Emoji Marketing

15 Genuinely Interesting Facts About Emoji Marketing

by
July 17, 2018

 

July 17 is a pretty important day. Because it’s not just David Hasselhoff’s and Donald Sutherland’s birthday. It’s also World Emoji Day!

When Apple enabled the emoji keyboard on iOS devices in 2011, emojis had already been popular in Japan for over a decade. But once westerners had access to these little pictographs, emoji use increased exponentially.

In 2014, Jeremy Burge, emoji aficionado and founder of Emojipedia, declared July 17 World Emoji Day. Burge set July 17 as the date because it’s the date displayed on the original Apple iCal icon.

Recently, more and more brands have begun incorporating emojis into their marketing campaigns. So we decided to celebrate these modern hieroglyphs and their impact on the brand-consumer relationship.

Here are 15 awesome facts about emoji marketing.

2015: The Year of the Emoji

May 2015 – Domino’s creates a “tweet-to-order” system where customers can order pizza by tweeting Domino’s with the pizza emoji.

→ June 2015 – After amassing nearly 33,000 signatures on its Change.org petition, Taco Bell announces a taco emoji has been added to the Unicode Standard.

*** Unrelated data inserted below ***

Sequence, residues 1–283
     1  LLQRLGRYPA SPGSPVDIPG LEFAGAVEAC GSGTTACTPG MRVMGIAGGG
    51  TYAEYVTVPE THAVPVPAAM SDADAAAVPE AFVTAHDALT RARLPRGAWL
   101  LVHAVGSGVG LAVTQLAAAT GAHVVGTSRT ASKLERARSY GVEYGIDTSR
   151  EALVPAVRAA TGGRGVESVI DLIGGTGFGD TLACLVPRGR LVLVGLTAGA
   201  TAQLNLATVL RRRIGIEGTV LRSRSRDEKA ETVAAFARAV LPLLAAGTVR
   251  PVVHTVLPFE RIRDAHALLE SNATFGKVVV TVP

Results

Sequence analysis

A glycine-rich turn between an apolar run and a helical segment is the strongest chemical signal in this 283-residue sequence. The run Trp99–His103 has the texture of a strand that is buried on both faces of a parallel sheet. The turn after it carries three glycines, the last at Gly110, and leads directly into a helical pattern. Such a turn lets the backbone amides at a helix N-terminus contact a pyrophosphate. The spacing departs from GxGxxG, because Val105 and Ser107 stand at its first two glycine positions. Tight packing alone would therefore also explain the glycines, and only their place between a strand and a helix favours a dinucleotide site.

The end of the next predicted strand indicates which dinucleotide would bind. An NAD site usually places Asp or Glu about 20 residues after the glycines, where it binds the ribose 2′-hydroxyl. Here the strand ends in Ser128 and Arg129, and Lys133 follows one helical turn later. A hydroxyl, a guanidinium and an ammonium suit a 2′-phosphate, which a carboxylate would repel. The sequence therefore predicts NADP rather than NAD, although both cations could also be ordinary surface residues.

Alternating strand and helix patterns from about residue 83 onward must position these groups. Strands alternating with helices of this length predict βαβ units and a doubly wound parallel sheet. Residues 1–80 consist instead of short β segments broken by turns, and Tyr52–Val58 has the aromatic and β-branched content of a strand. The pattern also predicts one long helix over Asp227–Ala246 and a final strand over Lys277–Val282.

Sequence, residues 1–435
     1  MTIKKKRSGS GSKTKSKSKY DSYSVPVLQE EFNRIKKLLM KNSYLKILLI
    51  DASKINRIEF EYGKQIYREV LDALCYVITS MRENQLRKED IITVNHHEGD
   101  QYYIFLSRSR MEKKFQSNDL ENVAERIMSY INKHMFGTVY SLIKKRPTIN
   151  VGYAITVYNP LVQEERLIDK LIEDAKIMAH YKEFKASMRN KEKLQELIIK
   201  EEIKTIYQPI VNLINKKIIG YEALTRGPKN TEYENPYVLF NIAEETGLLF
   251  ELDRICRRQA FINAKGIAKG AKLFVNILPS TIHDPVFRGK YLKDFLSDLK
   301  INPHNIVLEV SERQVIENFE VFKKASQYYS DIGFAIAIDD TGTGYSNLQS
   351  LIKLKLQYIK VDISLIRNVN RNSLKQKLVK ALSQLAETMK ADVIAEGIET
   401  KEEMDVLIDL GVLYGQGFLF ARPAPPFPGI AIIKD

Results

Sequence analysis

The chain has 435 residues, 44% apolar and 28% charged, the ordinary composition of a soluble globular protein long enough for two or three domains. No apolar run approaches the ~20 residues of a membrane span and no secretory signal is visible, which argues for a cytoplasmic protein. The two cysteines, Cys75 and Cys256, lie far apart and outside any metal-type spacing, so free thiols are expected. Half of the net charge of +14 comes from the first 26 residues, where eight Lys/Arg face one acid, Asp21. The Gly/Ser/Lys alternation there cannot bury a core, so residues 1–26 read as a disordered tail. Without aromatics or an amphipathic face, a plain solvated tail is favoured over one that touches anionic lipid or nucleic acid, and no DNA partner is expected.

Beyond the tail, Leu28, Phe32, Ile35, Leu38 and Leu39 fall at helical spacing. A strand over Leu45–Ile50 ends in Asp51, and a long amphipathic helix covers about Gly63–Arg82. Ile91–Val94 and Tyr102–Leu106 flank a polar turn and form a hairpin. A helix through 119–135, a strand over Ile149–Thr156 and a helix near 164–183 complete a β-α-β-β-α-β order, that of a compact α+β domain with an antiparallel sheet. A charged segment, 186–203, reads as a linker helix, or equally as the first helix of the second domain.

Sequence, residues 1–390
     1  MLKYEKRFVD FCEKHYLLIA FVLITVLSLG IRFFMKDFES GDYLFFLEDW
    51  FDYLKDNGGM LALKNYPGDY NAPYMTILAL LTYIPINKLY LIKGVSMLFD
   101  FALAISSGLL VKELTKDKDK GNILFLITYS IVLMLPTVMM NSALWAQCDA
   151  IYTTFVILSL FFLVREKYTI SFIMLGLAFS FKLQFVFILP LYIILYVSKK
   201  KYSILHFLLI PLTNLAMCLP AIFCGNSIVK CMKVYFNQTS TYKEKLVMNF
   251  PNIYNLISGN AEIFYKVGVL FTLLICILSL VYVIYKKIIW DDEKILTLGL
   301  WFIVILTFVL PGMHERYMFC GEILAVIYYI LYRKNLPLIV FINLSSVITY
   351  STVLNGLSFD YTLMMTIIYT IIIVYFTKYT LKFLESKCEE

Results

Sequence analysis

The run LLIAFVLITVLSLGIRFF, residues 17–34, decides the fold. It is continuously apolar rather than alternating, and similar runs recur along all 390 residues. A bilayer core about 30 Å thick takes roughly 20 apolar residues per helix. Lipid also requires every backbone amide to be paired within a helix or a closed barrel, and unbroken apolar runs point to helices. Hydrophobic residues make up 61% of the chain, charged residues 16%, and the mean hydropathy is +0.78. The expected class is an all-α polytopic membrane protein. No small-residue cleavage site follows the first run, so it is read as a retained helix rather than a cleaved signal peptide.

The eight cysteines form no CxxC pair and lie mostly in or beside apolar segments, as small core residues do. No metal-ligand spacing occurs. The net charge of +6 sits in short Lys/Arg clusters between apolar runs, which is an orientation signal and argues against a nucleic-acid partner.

→ November 2015 – Oxford Dictionaries declares the “Face with Tears of Joy” emoji to be its Word of the Year.

Facebook

→ More than 60 million emojis are used on Facebook every day.

→ And in Q3 2017, over half of the most popular Facebook headlines contained an emoji.

Emoji Marketing - Facebook Emojis
(Source)

Twitter

→ Nearly 60% of the top 500 brands on Twitter use emojis in their tweets.

→ Furthermore, tweets with emojis earn 25% higher engagement than tweets without.

Emoji Marketing - Top Tweeted Emojis by Country
(Source)

Instagram

→ Over 55% of all Instagram accounts use emojis.

→ Instagram posts with emojis get 47.7% more interactions than posts without emojis.

Emoji Marketing - Top Emojis on Instagram
(Source)

Mobile Messaging

→ Push notifications that contain emojis have an 85% higher open rate than push notifications that don’t.

→ B2C messages with emojis are 4x more likely to elicit a response than an emoji-less message.

→ Including emojis in mobile consumer surveys can lower drop-off rates and improve survey satisfaction. Consequently, using emojis won’t hurt data quality.

 

BONUS TRIVIA:
As of June 2018, there are 2,823 emojis
in the Unicode Standard.

 

Gina Linetti Emojis

What are your experiences with emoji marketing? We’d love to hear your take. Leave us a comment, post on our Facebook, or Tweet at us!

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